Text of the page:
The cheese ball can be served as is or rolled in any variety of chopped nuts and or herbs. I used sliced almonds, but walnut pieces or pecan pieces with some fresh minced parsley, thyme or sage would be amazing.

The cheese ball gets softer as it reaches room temperature, so it’s best if it’s kept chilled until immediately before use.

If you are in a hurry to get this cheese ball on the table, Angela Liddon at Oh She Glows made an adapted version of my cheese ball (only available in her e-book). In her very similar version, she places the cheese mixture in a parchment lined baking dish and freezes it for 30 minutes before rolling it into a ball. I’ve tried this and it works very well.

A word about coconut oil: I have had many readers ask if this cheese ball can be made without the coconut oil. You are welcome to try it, but I DO NOT recommend it. The oil adds a beautiful melty mouth-feel to the cheese ball, helps it to firm up and makes it taste ultra-delicious. This was never intended to be a low calorie or fat free food, indeed the cashews alone are very high in fat. This cheese ball was created especially for Holiday or other special occasions and it is to be treated as a special occasion food. I have had readers reduce the oil by half with favorable results and you are welcome to try the same if you are concerned about the fat content, but this will still be a very rich and high fat food. If you are strictly opposed to oil for whatever reason, you could try using coconut butter instead of the oil, but I haven’t tested that in my kitchen. For those allergic to coconut oil, you could try palm oil instead, but there are concerns about whether or not this is a sustainable product, so please do your research first.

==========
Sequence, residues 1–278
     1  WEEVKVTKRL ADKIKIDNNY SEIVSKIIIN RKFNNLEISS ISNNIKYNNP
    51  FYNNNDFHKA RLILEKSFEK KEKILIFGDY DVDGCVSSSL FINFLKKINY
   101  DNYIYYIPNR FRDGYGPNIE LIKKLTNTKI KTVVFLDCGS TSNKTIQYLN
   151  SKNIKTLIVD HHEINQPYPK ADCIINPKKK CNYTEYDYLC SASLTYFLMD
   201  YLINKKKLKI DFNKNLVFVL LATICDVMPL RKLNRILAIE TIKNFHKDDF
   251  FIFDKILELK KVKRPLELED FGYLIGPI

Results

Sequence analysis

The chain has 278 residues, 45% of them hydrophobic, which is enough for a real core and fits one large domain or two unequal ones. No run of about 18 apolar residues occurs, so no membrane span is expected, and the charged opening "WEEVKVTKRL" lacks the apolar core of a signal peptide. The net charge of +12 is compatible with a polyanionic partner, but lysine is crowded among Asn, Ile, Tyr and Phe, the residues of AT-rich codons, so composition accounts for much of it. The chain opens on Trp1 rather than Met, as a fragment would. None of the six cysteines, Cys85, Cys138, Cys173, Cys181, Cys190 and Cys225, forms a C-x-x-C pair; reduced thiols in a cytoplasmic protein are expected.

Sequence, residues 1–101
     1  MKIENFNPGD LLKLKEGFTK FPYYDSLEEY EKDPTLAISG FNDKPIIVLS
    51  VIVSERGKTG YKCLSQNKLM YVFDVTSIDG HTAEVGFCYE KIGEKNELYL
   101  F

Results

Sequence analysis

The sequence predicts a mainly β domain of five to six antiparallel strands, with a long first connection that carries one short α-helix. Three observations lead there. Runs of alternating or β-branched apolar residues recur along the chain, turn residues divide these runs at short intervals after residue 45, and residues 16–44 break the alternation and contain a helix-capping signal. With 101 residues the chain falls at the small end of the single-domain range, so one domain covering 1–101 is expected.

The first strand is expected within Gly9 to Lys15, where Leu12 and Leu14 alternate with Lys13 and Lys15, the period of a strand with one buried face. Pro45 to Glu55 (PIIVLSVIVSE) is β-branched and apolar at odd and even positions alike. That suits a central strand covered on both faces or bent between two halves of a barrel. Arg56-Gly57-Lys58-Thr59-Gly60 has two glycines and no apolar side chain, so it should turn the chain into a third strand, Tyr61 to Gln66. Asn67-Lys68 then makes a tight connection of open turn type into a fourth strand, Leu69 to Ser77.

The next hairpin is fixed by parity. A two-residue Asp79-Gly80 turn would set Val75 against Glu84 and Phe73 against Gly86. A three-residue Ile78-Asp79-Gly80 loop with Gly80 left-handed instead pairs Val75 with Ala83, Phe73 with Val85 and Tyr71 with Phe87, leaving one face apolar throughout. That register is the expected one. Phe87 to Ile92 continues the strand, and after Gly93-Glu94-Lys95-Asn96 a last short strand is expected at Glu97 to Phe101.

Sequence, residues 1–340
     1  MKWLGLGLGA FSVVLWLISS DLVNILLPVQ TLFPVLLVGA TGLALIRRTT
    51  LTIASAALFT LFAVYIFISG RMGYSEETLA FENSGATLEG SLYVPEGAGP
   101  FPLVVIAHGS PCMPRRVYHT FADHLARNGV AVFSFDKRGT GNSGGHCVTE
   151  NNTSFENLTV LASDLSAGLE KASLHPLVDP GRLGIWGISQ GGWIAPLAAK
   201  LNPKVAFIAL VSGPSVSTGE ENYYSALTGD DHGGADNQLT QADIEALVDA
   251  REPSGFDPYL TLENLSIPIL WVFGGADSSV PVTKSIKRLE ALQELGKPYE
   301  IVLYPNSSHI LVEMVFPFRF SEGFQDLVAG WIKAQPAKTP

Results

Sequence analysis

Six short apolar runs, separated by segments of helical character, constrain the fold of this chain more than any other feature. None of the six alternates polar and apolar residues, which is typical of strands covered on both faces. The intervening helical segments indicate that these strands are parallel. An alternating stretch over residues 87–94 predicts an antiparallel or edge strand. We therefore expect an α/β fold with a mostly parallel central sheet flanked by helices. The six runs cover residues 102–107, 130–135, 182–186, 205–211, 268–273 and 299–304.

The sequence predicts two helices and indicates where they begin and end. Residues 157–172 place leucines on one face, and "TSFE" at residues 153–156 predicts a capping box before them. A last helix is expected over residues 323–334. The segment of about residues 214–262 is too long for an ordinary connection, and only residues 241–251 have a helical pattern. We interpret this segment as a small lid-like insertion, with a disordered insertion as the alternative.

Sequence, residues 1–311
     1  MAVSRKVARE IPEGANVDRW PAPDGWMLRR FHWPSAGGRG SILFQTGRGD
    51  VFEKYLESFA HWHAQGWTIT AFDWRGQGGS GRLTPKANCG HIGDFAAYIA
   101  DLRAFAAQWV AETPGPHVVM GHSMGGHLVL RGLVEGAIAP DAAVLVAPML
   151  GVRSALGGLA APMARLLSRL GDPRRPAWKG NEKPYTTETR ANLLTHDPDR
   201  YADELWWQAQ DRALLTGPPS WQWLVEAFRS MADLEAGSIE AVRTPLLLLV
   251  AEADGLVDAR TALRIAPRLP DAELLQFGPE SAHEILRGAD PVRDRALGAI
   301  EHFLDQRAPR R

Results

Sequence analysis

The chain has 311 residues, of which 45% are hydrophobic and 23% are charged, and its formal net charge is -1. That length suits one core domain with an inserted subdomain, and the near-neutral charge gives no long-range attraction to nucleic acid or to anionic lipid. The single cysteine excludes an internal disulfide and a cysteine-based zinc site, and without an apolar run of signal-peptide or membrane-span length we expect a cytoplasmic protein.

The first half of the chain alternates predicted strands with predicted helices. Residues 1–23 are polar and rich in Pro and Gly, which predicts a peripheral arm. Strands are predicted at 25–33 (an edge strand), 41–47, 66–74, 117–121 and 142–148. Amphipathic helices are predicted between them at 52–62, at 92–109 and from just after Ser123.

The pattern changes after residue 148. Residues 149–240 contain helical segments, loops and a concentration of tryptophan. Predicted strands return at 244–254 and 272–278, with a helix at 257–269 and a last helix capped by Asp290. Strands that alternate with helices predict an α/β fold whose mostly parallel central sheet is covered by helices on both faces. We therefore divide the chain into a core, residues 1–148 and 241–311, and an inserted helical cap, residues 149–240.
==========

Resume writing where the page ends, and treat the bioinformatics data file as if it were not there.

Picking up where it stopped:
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To start at the beginning of the potluck, click here: